16 BUN/Cr Ratio Utility Post-renal ~ BUN/Cr ratio EQUAL TO normal – “Normal” range = 10:1 to 20:1 – Nephron works fine but urine can’t get out of body due to obstruction distal to kidney – Therefore, both levels rise but rise equivalently preserving a relatively normal ratio between them Additional findings in post-renal physiology – Renal US or CT scan ABD/Pelvis with significant hydronephrosis proximal to obstruction

17 BUN/Cr Query Opportunities If post-renal (5%–10% of AKI), why? – BPH – Prostate CA – Bladder CA – Metastatic malignancy (cervical/ovarian) – Retroperitoneal fibrosis – Retroperitoneal hemorrhage/hematoma – Nephrolithiasis

18 ARF/AKI and CDI When a patient’s serum creatinine dramatically rises above their baseline level, it is more than just “dehydration” or “azotemia” or “acute renal insufficiency” This is “acute renal/kidney failure”  Not “ acute on chronic kidney disease” Must write out what “ARF/AKI” means at least once in the chart! – Auditors may question what ARF or AKI means without writing out acronym one time ARF/AKI definition revised 8/11 by KDIGO

19 Acute Kidney Injury Definition 1. Any rise in serum creatinine of 0.3 mg/dl or more above patient’s baseline... -Either/Or- 2.Any rise greater than or equal to 1.5 times patient’s baseline serum creatinine ‼ “Baseline” = lowest recorded creatinine value for patient in preceding 3 months www.renal.org/Clinical/GuidelinesSection/AcuteKidneyInjury.aspx* *Note: This was updated in March 2012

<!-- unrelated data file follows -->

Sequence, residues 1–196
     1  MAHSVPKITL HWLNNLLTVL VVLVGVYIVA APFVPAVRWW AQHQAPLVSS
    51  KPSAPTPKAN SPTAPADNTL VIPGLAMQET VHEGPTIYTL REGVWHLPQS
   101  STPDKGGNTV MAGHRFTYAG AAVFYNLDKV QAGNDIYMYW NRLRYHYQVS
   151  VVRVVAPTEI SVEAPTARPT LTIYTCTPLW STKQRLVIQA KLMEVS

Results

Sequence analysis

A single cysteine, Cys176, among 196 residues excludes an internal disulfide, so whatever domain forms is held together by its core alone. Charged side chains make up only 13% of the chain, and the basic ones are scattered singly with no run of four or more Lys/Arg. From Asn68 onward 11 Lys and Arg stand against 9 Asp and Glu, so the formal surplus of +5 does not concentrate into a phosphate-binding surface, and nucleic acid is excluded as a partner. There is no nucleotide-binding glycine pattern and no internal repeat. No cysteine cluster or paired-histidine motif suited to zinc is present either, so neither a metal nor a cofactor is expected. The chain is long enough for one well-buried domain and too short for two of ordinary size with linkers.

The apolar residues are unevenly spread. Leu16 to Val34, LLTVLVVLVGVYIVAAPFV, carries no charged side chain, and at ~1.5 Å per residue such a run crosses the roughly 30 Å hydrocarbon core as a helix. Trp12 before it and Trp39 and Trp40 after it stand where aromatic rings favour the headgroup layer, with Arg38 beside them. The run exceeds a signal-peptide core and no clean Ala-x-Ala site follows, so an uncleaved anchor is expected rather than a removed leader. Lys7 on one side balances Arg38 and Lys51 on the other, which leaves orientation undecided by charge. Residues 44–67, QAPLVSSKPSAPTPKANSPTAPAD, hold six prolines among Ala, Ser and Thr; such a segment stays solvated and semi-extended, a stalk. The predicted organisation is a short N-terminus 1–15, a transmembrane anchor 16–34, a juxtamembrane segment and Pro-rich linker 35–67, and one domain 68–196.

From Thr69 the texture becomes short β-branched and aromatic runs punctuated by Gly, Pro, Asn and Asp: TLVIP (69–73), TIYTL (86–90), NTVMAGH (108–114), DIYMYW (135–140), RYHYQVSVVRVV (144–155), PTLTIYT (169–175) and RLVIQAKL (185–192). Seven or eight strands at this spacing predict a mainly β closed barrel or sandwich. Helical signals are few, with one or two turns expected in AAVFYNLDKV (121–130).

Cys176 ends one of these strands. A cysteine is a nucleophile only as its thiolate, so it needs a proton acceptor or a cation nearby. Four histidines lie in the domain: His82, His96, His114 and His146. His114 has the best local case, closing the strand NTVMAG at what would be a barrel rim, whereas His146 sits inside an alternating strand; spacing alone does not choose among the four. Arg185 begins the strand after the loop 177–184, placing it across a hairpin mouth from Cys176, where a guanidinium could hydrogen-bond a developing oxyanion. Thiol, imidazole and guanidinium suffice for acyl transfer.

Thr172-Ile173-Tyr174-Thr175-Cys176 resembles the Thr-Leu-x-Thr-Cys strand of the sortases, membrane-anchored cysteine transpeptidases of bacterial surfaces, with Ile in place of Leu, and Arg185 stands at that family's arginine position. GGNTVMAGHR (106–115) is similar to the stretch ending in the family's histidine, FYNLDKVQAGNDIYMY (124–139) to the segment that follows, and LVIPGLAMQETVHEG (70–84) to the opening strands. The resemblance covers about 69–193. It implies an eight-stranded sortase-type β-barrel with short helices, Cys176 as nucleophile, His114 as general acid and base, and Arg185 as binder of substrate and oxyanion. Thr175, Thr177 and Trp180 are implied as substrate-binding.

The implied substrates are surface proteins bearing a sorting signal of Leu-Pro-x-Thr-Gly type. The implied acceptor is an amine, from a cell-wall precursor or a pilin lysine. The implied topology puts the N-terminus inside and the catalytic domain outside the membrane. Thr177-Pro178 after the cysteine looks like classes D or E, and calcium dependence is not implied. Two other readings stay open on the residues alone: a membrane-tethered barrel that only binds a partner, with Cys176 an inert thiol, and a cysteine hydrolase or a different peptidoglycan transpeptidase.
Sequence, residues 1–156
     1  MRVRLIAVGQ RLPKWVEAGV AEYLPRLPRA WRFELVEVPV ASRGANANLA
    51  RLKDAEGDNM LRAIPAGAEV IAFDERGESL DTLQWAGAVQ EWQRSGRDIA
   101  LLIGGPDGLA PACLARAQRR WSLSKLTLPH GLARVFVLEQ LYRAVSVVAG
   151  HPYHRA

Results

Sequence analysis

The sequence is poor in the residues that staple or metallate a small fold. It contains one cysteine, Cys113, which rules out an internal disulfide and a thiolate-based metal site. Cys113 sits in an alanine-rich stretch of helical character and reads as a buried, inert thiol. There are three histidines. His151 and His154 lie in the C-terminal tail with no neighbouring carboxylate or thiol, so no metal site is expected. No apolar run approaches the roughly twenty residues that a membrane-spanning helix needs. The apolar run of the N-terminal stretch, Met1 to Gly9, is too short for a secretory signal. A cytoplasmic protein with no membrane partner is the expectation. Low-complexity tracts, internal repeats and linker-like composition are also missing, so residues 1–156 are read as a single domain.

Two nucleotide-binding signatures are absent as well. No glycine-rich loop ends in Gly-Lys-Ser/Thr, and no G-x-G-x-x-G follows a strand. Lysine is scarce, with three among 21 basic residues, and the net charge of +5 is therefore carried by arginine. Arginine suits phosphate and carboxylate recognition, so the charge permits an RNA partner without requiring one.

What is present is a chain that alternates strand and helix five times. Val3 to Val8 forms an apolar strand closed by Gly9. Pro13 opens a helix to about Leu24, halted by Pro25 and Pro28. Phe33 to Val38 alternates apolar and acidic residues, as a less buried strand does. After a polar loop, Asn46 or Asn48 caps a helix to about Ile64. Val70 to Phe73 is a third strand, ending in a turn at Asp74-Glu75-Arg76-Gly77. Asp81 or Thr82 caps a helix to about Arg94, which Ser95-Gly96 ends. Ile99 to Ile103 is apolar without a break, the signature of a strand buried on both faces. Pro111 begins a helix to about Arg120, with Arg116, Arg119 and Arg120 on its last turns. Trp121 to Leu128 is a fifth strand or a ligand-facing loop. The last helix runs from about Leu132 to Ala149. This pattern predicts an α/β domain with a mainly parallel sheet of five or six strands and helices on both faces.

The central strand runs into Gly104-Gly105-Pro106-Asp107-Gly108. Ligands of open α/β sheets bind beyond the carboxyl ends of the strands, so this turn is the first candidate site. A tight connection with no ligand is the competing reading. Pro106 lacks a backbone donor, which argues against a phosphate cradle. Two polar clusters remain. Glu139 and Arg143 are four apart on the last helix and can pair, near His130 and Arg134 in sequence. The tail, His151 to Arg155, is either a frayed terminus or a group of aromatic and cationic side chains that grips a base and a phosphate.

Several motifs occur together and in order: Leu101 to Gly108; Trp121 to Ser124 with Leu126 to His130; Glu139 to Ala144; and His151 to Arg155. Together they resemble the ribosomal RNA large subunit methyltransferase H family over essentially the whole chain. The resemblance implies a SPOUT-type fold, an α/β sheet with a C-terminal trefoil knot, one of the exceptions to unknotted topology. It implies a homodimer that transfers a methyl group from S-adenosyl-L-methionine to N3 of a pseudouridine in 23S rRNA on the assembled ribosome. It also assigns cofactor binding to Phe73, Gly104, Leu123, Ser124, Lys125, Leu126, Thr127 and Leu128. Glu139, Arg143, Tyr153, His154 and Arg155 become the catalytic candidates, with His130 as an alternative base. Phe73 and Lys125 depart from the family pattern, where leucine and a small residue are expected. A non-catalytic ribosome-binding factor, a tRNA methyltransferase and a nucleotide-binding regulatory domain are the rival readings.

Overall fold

20 ARF/AKI Query Strategy First, decide/verify whether patient meets criteria of ARF/AKI – If no, yet clinician has called this in chart, will need clarification prior to coding  Coders not allowed to question physicians’ judgment while post-discharge auditors are allowed – If yes, go to next step Second, calculate the BUN/Cr ratio – Is problem pre-, intra-, or post-renal? Third, is the urinalysis helpful? ☻ With this information, is there now opportunity to further clarify why patient has ARF/AKI?

21 What About the Urinalysis? Prerenal – Hyaline casts Intrarenal 1. Proteinuria 2. Cells (WBCs & RBCs) 3. Cell casts: WBC (AIN) RBC (glomerulonephritis) Epithelial (ATN) Post-renal – Benign/no significant abnormalities – Hematuria

22 Current ARF/AKI Coding Per KDIGO, “acute renal failure” terminology to be replaced by “acute kidney injury” Problem Problem: “AKI” currently codes to “ARF” Therefore, physicians should not document AKI unless they truly mean ARF  Watch for clinicians using AKI to describe any acute renal abnormality even if does not meet ARF criteria Some physicians will adopt this new terminology regardless of coding implications – May increase need for query clarifications, so do not report ARF when not actually present